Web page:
The Joggins Fossil Centre, a 1,200m2 building on the bluffs above Joggins Beach, forms the gateway for visitors to the finest carboniferous fossil site in the world. It consists of a mix of administrative / office spaces and special purpose spaces including museum, research lab, exhibition hall and a multipurpose room.
The facility was built upon a brownfield site reclaimed from the mining industry. Much of the remediation happened on site and there is an on-going landscaping programme, featuring species native to the Acadian Forest region, to enable the eventual naturalisation of the site and reduction of the impact of visitors to the local environment and community.
Scope of Services Rendered, project objectives, constraints:
This project involved the complete design – from concept through to post occupancy on site reviews – of a state of the art LEED Gold facility. The facility includes a mix of administrative and special purpose spaces. The team provided full mechanical and electrical design and contract administration services as well as specialized professional services including energy modelling, daylighting simulations, value engineering, cost planning and full M&E commissioning.
Sustainability was a project goal from the start. Difficulty in securing operational funding - as opposed to capital funding - often poses the greatest danger for small interpretive centres. To help alleviate this as much as possible, tight control on building size, ease of maintenance and reliance on alternate energy sources were identified as significant design drivers.
The building has many innovative features that help keep energy and resource use to a minimum:
- A 50 kilowatt wind turbine generator
- A 3.3 kilowatt photovoltaic array and inverter
- A solar heating system to preheat hot water, thereby reducing the building’s ecological footprint.
- Passive solar heat and light collection by special glazing units.
- A green roof, which minimises heat loss, improved insulation and assists with water collection. The facility uses the water from the roof run-off to flush their toilets and water their plants.
- Electronic self-closing faucets, waterless urinals, use of dual flush valve water closets and the use of rainwater for sewage conveyance have resulted in a facility which uses 57.23% less water than a comparable building.
Design challenges, creative and innovative design solutions:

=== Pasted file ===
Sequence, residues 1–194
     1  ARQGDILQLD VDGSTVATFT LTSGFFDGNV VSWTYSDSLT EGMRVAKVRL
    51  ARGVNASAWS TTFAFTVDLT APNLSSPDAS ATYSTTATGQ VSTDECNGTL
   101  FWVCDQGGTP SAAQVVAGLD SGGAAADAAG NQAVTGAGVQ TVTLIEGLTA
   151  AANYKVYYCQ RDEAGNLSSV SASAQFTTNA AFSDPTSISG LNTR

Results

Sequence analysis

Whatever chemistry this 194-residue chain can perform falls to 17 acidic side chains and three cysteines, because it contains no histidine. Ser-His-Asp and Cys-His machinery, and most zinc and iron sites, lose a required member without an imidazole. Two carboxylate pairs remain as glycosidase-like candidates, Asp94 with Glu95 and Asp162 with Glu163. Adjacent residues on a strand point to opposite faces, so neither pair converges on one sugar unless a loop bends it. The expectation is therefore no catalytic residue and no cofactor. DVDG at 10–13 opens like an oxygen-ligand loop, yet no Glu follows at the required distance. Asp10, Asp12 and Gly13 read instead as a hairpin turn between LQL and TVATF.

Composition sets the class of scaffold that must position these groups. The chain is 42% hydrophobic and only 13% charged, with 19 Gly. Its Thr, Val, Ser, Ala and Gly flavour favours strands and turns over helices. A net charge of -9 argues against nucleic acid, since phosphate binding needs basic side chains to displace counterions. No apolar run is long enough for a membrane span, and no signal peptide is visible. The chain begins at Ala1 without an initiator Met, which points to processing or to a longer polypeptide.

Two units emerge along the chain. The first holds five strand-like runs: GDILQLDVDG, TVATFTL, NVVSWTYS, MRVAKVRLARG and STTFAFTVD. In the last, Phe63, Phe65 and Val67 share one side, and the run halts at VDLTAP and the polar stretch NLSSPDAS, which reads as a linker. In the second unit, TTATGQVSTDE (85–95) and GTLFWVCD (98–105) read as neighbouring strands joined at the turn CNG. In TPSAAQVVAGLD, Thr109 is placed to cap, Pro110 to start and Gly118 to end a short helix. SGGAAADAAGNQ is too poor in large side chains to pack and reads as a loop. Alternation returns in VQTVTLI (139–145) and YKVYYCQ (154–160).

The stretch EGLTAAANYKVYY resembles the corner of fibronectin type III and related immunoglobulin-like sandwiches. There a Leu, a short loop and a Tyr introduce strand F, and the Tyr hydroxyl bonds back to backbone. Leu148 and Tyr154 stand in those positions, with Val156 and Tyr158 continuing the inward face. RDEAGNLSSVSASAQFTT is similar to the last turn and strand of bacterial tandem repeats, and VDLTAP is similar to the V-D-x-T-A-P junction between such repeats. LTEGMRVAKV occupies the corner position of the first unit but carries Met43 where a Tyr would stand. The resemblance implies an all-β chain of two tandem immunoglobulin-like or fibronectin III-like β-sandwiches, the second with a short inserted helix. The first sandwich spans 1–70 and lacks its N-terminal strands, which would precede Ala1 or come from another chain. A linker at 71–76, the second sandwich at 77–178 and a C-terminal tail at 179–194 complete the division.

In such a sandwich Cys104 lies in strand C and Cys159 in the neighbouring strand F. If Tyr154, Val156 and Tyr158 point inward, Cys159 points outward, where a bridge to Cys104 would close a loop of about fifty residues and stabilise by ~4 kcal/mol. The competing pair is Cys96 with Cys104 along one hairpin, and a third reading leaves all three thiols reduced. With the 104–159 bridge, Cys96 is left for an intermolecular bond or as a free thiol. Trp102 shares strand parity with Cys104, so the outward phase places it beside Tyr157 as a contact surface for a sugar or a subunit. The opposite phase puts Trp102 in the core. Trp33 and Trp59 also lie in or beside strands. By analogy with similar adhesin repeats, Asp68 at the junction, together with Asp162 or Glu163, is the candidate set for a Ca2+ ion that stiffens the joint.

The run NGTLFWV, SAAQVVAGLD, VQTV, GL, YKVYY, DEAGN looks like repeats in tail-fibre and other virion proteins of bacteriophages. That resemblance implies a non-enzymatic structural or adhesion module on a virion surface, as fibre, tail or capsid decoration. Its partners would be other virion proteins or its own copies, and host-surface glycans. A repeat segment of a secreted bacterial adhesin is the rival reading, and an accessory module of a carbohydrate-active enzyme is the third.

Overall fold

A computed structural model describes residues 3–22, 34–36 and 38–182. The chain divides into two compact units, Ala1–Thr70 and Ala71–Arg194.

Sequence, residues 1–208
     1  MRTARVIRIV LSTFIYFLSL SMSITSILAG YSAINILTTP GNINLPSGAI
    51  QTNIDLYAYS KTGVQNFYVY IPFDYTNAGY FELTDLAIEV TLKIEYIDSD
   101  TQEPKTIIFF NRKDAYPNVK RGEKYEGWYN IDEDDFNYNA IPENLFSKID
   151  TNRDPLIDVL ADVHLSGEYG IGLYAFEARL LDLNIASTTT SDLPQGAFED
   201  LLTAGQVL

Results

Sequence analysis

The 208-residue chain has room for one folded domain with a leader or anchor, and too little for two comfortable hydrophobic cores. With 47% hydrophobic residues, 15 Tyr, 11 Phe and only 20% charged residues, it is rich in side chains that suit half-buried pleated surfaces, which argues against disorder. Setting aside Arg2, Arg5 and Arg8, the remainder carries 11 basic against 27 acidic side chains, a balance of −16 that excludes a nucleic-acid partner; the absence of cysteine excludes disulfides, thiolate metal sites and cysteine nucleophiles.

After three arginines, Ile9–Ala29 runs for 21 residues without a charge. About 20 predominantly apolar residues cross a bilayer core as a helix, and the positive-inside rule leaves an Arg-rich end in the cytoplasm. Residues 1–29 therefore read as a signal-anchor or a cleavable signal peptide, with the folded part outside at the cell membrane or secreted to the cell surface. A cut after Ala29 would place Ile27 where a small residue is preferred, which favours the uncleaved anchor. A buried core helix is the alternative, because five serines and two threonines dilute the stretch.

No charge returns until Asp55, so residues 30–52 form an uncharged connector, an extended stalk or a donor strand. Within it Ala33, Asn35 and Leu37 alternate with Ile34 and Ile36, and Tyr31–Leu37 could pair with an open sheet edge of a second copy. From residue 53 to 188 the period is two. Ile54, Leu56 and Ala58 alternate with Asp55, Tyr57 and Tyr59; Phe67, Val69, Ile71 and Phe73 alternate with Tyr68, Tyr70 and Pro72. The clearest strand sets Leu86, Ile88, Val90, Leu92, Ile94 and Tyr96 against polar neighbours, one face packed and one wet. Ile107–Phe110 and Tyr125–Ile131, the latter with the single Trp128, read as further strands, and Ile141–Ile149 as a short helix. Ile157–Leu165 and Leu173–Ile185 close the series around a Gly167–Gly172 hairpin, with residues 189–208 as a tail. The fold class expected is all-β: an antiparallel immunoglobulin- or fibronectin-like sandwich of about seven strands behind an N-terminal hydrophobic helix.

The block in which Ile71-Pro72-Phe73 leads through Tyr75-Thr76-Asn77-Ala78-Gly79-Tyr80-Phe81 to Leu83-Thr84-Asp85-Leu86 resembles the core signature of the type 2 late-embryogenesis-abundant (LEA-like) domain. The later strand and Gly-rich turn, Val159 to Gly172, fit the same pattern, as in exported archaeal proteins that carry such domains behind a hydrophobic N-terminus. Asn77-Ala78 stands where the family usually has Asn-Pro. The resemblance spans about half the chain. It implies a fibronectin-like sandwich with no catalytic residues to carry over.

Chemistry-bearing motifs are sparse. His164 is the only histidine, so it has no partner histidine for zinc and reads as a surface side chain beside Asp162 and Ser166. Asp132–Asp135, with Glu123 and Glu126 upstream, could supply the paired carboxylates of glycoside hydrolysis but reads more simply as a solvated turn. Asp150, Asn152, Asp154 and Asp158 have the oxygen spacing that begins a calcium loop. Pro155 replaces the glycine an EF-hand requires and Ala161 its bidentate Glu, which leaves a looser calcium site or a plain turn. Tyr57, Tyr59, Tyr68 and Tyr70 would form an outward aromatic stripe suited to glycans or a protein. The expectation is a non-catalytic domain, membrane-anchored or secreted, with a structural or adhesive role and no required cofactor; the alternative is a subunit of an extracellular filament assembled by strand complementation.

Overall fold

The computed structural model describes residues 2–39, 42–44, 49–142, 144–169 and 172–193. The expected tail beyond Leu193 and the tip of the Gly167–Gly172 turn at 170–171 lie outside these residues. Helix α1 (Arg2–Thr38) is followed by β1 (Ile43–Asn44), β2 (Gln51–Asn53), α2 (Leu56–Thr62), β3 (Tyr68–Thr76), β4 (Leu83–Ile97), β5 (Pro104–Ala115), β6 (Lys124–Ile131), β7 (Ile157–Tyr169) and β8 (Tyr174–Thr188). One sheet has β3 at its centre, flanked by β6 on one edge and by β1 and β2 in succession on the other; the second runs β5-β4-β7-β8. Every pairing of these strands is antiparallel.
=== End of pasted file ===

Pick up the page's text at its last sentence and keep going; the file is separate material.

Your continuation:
The client was clear from the onset – they wanted an energy efficient structure to minimize the long term operational costs but the technologies incorporated had to be cost effective and low maintenance. The technologies had to be part of the solution – not part of the problem. As well, these elements could not detract from the facility’s core function.
The team worked in concert with the entire design team on Joggins to provide holistic design solutions to achieve a similar goal. The Joggins facility was the first in Nova Scotia to be certified LEED Gold and has achieved an energy consumption usage of 65.4% less than the MNECB.
In order to achieve this, a number of technologies and approaches were tested and modelled, not everything made the cut however. The team worked closely with all members of the design team to provide a truly integrated design and all of our solutions were vetted through the users and project stakeholders. The 4 biggest contributors to the exceptional energy efficiency the team was able to achieve were:
- Power: The two renewable sources that produce as much as two-thirds of its power: a 50-kilowatt wind turbine generator (the AOC 15/50), which yields 260 gigajoules (GJ) in electricity annually; and a solar heating system, which includes 12 south-facing photovoltaics that generate 8.7 GJ in electricity per year.
- Heating & Cooling: The facility’s central plant consists of two 15 ton air source heat pumps and a 6kW electric DHW boiler. These heat pumps have an average Coefficient of Performance (COP) of 2.75. In addition, each heat pump is also equipped with a Nu-Air heat recovery ventilator using heat wheel technology.
- Hot Water: The DHW is primarily met through a solar hot water collector with a 6 kW electric DHW boiler as backup
- Insulation: The roof was constructed using polystyrene insulation and portions of fully vegetated roofing which has an average RSI value of 6.00 m2 oC/W whereas a building built to MNECB minimums would only require / have an RSI of 3.41 m2 oC/W. The wall sections and windows also exceeded MNECB minimums.